In the course of writing this blog, I have come across many comments from people. Most — I am happy to say — are positive.

One comment, however, referred to my post on the Rozerem DTC ad campaign (“Rozerem Ads Dis Lincoln, Show Beaver“) as “snarky.” Since then, I have seen the word used critically against other bloggers, including Peter Rost, “Pharma’s Black Knight.”

When I first saw the word, I wasn’t sure what it meant, but it didn’t sound good. So, I “Googled” it. Here are a few definitions I’ve come up with:

adj. Slang., -ier, -iest.

1. Rudely sarcastic or disrespectful; snide.
2. Irritable or short-tempered; irascible.

[From dialectal snark, to nag, from snark, snork, to snore, snort, from Dutch and Low German snorken, of imitative origin.]

I think this definition doesn’t quite fit me. I mean, c’mon, accusing Rozerem of dissing Lincoln and showing beaver isn’t disrespectful, is it? I think that the Rozerem ad itself is disrespectful to Lincoln, if not beavers everywhere! Still, I didn’t accuse the ad creators of being “snarky.”

If you really want to see some snarky blogging of the worst sort, take a look at Drugwonks. Here are a few recent topics from that snarky blog:

“North Korea, Drug Counterfeiting and Senator Vitter” — Now that’s rudely disrespectful. How else can you describe an attempt to put a US Senator in the same bucket as North Korea?

“A new treatment for a rare lymphoma: Circle of Cancer Cynics Ready to Pounce”

“Ben ‘Dr. Doolittle’ Bernanke”

“IOM’s Silly Drug Safety Study”

And on and on it goes.

Here’s another definition of snarky:

Snarky. def. adj. cranky yet vaguely amusing. See also: curmudgeony, cantankerous, impertinent, impudent, audacious, insolent, fresh. Used in context: “His comment was so idiotic, I had no choice but to respond with a snarky comment.”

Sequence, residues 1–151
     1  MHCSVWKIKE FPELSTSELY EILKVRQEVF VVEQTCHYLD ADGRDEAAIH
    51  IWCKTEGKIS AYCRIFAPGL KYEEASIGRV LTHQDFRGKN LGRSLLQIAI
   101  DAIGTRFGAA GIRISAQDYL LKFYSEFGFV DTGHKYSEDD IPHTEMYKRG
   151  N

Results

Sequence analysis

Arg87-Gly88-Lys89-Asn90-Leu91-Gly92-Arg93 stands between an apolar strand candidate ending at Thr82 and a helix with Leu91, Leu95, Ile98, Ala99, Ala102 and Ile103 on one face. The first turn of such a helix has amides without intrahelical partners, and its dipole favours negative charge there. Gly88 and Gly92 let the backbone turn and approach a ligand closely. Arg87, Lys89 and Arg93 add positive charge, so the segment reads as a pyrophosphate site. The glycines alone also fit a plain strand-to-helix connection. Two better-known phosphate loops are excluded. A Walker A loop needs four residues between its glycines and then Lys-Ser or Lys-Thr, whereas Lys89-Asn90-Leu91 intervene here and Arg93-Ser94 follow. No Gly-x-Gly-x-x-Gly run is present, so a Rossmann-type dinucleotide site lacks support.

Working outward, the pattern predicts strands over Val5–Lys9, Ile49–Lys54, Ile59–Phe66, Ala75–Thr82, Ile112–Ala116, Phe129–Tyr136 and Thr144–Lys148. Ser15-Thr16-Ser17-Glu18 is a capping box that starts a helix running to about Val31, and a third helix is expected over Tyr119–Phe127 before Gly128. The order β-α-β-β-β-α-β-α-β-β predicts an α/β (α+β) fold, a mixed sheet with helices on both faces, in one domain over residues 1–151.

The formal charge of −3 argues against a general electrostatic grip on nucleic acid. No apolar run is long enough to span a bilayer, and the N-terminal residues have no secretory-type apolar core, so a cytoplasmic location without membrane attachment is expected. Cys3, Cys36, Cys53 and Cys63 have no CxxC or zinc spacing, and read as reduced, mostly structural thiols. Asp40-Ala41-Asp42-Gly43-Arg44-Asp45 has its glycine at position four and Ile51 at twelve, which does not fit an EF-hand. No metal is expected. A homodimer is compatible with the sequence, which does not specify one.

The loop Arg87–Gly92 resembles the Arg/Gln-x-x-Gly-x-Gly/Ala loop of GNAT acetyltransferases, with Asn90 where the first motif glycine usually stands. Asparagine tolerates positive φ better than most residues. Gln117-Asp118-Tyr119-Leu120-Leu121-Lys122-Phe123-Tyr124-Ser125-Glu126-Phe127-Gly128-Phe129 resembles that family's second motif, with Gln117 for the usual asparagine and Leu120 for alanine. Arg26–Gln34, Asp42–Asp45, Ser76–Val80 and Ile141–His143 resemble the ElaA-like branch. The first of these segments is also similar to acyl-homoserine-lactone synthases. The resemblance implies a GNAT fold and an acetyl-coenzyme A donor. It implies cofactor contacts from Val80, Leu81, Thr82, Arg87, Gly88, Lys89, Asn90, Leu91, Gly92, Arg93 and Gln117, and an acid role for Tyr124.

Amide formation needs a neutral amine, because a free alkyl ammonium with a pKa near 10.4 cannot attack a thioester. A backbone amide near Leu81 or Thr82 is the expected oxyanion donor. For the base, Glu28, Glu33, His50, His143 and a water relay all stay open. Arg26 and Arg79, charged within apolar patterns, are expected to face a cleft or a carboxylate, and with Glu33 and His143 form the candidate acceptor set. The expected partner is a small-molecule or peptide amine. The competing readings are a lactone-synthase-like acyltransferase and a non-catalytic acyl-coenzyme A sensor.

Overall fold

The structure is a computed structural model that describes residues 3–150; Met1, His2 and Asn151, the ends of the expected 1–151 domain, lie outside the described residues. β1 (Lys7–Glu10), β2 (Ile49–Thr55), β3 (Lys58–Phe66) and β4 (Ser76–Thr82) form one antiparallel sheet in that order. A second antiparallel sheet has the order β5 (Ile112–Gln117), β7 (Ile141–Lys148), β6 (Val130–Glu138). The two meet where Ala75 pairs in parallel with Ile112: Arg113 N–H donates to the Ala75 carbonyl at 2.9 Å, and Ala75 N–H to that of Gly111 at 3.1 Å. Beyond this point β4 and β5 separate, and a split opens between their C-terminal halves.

This is closer because I do think I am “vaguely amusing” — at least I try to be. The sentence above can be turned into a good mission statement for this blog:

Some activities of pharmaceutical advertisers and marketers are so idiotic, I have no choice but to respond with a snarky [vaguely amusing] analysis.

Yet another definition with a bit of history:

The adjective snarky is first recorded in 1906. It is from dialectal British snark, meaning ‘to nag, find fault with’, which is probably the same word as snark, snork, meaning ‘to snort, snore’. (The likely connection is the derisive snorting sound of someone who is always finding fault.) Most dictionaries label snarky as “Chiefly British Slang.” But for the last five or more years, it has become increasingly common in American publications, maybe ones infiltrated by British or Canadian writers and journalists.

Now I understand! It’s one of those British slang words (not that there’s anything wrong with that). I like to use British slang just as well as the next American. Recently, I’ve picked up on “brilliant,” which is a word Brits use when they get their way in negotiations.

I must admit that I do always find faults. Perhaps if more people looked for faults we wouldn’t be faced with as many disasters such as the two fatal Shuttle events or the withdrawal of Vioxx from the market.

I think that my fault finding has also helped pharmaceutical marketers. For example, I found fault with the Rozerem marketing people who were not up to snuff when it came to search engine optimization (see “Rozerem Beaver Buzz“). Since then, I’ve noticed that if you search for “Rozerem commercial” on Google, my post about Lincoln and the beaver is no longer at the top of the list — the Rozerem product web site is! How about that!

Tell Me What You Think

Which best describes this Blog (check all that apply):
Rudely sarcastic
Cranky yet vaguely amusing